For Immediate Release: October 13, 2008
Contact: Chris Macaluso
Davis Pond Freshwater Diversion Set to Reopen Today
Office of Coastal Protection and Restoration wetland and diversion engineers expect the reopening of the Davis Pond freshwater diversion siphon in St. Charles Parish Tuesday, October 7, bringing much needed freshwater to wetland areas heavily impacted by Hurricanes Gustav and Ike.
OCPR Project Operations Manager Thomas Bernard said the diversion, which directs water from the Mississippi River into the northern Barataria Basin, was closed from late August until September 29 because of the two hurricanes. It was briefly reopened but closed again October 5 because of a minor oil spill upriver of the siphon.
Bernard expects as much as 2,500 cubic feet per second of water from the Mississippi River to pass through the siphon and into the marshes in Jefferson and Lafourche Parish through the end of this year, helping to lower the high salinity levels brought by storm surges from Gustav and Ike.
Both storms caused considerable flooding and damage to vegetation throughout the upper Barataria Basin. Water from the Davis Pond siphon will allow the growth of new vegetation essential as fish and wildlife habitat and vital to the health of the wetlands in the Barataria Basin.
OCPR wetland personnel are working with federal agencies to assess damage to wetlands throughout coastal Louisiana in the wake of Gustav and Ike.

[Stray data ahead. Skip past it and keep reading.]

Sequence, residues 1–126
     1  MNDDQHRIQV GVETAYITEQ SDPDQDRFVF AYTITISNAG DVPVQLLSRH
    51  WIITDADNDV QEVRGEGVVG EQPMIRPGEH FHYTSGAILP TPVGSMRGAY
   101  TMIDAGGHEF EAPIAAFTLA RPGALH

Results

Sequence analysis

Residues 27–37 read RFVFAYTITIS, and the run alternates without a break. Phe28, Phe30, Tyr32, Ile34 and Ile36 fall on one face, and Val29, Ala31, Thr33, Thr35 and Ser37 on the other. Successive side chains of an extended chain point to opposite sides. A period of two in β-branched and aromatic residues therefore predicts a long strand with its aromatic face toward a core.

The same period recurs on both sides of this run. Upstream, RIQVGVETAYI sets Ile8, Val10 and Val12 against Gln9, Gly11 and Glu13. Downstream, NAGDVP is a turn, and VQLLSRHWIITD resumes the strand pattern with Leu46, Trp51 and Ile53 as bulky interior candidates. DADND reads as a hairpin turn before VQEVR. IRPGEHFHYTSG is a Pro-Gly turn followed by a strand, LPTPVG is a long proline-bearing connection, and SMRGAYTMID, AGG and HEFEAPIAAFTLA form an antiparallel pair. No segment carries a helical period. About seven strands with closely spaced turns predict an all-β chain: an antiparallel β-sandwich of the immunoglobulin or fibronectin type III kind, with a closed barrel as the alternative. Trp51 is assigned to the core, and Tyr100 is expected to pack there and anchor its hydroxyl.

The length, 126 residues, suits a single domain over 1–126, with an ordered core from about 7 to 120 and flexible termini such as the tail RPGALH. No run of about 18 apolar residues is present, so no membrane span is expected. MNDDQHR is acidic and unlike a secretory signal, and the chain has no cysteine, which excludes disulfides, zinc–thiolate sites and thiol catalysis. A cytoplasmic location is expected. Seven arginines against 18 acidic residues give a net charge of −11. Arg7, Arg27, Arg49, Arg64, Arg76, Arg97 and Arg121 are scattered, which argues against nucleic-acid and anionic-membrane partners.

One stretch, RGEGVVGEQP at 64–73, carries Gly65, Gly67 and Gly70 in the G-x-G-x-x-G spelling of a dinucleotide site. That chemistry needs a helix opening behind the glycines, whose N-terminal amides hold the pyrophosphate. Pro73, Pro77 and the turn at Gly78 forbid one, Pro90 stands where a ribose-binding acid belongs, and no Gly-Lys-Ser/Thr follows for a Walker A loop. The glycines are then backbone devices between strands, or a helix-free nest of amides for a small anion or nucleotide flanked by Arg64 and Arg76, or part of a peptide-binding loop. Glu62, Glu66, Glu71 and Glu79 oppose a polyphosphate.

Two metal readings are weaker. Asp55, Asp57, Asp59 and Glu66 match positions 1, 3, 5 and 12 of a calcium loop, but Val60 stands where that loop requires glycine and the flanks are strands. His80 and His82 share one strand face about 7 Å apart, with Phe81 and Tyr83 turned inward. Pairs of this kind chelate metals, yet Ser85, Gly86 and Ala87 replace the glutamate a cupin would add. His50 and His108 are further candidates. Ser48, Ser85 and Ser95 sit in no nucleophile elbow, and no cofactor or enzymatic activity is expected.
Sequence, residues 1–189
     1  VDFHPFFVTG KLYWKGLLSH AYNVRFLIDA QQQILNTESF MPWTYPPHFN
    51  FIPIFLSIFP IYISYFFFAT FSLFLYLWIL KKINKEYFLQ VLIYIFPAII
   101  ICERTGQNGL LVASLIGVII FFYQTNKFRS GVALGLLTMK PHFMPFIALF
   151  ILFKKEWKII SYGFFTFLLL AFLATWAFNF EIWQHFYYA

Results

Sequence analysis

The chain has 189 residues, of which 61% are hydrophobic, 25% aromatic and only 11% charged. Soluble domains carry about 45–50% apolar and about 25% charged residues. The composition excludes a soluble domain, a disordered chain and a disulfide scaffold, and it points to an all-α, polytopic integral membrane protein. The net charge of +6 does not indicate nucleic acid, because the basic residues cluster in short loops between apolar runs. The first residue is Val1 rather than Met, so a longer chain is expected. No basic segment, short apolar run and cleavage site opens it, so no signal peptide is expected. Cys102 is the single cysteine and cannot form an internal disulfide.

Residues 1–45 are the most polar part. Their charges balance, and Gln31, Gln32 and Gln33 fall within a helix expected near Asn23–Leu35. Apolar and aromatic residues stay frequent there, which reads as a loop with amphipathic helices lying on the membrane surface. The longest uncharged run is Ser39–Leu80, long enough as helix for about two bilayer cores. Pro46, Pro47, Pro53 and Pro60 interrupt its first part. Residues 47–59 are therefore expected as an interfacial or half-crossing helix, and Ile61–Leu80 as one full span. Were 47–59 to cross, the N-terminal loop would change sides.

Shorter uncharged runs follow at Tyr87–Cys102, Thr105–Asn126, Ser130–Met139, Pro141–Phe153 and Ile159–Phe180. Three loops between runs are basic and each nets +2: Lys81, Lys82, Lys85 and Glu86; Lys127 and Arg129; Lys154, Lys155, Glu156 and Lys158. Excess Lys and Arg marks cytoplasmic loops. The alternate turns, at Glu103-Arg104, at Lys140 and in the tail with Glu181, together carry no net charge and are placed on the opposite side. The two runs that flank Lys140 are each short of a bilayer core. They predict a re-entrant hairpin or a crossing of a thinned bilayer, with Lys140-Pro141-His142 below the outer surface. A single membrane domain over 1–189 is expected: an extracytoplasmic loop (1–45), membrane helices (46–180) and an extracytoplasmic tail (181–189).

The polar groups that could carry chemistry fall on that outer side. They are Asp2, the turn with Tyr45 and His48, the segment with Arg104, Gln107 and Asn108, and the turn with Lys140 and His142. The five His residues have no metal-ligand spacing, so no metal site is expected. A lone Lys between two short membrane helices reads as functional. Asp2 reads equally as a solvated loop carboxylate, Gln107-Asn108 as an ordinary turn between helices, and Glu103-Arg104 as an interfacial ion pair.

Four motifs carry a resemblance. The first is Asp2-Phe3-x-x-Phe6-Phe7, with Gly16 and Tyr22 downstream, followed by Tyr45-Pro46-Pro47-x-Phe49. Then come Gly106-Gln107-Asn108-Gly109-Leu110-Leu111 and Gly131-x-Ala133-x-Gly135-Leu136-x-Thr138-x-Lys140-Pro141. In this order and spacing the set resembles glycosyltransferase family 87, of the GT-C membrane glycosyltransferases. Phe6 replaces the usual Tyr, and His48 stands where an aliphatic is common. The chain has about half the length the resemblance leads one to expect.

Hurricane Gustav made landfall as a powerful Category 2 storm September 1 in Cocodrie, La. Ike, another very strong Category 2 hurricane, made landfall along the eastern Texas coast September 13, bringing storm surges as high as 10 feet or more to coastal Louisiana.
For more information about Louisiana's coastal protection and restoration efforts, please contact Chris Macaluso in the Office of Coastal Protection and Restoration at (225) 342-3968 or by email at firstname.lastname@example.org.
The Coastal Protection and Restoration Authority's mandate is to develop, implement and enforce a comprehensive coastal protection and restoration master plan. For the first time in Louisiana's history, this single state authority will integrate coastal restoration and hurricane protection by marshalling the expertise and resources of the Department of Natural Resources, the Department of Transportation and Development, and other state agencies, to speak with one clear voice for the future of Louisiana's coast. Working with federal, state and local political subdivisions, including levee districts, the CPRA will work to establish a safe and sustainable coast that will protect our communities, the nation's critical energy infrastructure, and our bountiful natural resources for generations to come. The CPRA of Louisiana was established by Act 8 of the 1st Extraordinary Session of 2005.